I've been pondering whether it's possible to make a space/time tradeoff that will dramatically reduce that number. The current code consists of the following steps, where K is the number of cards being drawn at once:
1) Calculate the 'weight' of the current draw: K lookups and multiplications.
2) Copy the K cards of the current draw to a return object.
3) Advance to the next draw in lexicographic order. Maximum 2K loop interations, with about 5 lookups and three increment/decrement operations per loop.
But since we're never drawing more than 5 cards per hand, it should be possible to have all possible draws in big precomputed tables. Then we just have to calculate the weight of each possible draw as in step #1.
Also, the current design produces the possible draws one by one, and operates on each one individually. But I'd probably get better performance by doing all the draws at once, so that we can obtain some benefit from unrolling the loop and increased cache locality. (We could even maintain the same front-end interface and just generate bigger chunks inside the object implementation.) As things stand now there are a lot of CPU cycles and memory accesses between one draw and the next, though this obviously isn't reflected in my timing program.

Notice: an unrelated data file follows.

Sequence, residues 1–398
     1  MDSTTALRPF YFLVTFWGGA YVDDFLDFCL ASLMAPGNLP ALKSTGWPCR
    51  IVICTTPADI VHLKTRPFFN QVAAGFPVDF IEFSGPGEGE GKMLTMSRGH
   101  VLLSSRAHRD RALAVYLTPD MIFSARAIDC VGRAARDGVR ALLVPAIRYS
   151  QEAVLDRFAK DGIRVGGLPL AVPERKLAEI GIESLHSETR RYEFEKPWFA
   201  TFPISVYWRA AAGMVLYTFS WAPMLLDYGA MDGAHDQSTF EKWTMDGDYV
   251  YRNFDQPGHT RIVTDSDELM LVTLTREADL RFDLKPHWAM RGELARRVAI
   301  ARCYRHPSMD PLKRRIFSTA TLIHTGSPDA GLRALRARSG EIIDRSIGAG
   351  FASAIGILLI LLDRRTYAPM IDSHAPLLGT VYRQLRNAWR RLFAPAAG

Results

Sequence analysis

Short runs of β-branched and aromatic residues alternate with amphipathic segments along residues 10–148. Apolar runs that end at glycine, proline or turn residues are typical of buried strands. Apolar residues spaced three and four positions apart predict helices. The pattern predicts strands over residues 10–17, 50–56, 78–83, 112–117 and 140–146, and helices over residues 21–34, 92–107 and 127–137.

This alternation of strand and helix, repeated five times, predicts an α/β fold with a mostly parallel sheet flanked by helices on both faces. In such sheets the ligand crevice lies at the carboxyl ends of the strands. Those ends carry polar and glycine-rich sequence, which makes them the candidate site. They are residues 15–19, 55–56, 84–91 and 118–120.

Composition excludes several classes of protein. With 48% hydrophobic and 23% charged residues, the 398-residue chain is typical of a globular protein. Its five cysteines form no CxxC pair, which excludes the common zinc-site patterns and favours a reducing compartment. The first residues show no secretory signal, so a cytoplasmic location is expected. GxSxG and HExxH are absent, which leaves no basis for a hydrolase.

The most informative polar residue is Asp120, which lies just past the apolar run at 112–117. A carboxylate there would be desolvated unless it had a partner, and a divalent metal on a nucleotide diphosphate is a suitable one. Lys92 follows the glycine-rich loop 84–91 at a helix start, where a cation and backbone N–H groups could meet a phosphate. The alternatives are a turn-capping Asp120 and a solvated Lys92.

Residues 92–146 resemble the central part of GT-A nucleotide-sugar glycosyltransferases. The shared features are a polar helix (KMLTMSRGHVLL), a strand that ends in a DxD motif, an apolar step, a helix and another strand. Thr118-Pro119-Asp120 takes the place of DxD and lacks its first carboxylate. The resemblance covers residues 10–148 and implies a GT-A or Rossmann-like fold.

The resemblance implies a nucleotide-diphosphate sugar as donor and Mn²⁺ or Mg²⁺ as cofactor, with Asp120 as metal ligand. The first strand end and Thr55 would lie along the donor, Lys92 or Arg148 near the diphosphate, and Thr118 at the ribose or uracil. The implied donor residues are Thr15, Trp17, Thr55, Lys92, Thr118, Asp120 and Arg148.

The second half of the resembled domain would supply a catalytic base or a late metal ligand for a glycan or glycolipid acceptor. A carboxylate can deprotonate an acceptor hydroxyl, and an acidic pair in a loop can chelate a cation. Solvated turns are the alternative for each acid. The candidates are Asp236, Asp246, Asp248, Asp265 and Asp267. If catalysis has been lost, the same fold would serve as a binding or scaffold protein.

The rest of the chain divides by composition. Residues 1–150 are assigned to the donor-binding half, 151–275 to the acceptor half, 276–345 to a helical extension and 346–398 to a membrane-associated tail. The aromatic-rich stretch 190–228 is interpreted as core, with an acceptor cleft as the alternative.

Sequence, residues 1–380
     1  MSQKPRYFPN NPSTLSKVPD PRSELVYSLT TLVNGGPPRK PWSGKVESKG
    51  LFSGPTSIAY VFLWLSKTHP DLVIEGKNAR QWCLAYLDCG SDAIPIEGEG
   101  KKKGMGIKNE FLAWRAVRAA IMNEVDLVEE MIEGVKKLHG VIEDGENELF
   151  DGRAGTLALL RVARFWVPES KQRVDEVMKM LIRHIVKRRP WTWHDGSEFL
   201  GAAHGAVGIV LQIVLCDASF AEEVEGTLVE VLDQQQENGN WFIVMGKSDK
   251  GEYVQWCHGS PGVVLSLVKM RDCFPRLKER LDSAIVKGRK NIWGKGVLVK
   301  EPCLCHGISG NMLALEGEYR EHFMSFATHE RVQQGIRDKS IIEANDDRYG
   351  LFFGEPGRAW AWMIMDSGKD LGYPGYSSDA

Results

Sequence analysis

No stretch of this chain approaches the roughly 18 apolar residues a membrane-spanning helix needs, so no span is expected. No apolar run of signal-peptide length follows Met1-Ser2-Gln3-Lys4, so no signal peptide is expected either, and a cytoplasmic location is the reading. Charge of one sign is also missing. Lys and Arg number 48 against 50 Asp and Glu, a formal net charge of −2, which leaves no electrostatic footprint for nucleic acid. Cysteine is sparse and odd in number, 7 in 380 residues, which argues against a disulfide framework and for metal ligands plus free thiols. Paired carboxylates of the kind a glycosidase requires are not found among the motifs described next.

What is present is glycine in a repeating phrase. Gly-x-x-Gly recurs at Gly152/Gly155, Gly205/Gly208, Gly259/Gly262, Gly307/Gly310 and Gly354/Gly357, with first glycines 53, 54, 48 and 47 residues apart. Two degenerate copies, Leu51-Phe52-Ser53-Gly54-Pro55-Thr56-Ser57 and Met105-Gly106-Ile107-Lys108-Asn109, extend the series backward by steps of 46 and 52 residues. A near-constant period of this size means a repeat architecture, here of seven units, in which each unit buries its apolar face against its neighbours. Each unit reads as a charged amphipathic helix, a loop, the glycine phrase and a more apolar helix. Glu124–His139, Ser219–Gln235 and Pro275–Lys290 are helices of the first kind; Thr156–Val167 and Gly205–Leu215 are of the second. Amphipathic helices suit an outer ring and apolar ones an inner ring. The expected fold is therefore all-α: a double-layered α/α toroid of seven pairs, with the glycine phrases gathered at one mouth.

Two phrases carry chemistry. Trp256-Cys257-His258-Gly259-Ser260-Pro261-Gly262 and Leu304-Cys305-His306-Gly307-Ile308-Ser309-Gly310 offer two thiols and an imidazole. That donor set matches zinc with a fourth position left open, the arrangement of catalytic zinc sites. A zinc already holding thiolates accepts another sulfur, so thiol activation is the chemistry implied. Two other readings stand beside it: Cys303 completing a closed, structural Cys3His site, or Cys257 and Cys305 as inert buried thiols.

Unfortunately there is still one heck of a data dependency if we are looking up 5 different array locations to evaluate the weight of a single draw. A couple ideas come to mind.
The array of number of cards per rank is only 13, and each value is 0 through 4. So we could store the entire array in a general-purpose register or two (only 39 bits are needed) if there is some way to extract the values that's less expensive than a data load from the 1st-level cache.
The other approach would be to iterate over the array of draws 13 times, once per card rank. We could do a very parallel compare (using an SSE instruction) to determine how many cards of that rank are present, and multiply the associated weight appropriately. But doing 13*N iterations of parallel load/compare/extract/multiply is almost certainly worse than 5*N iterations of indexed load/multiply.
My hand comparison routine needs to be optimized for the common case as well, but I have fewer ideas how to make that more efficient.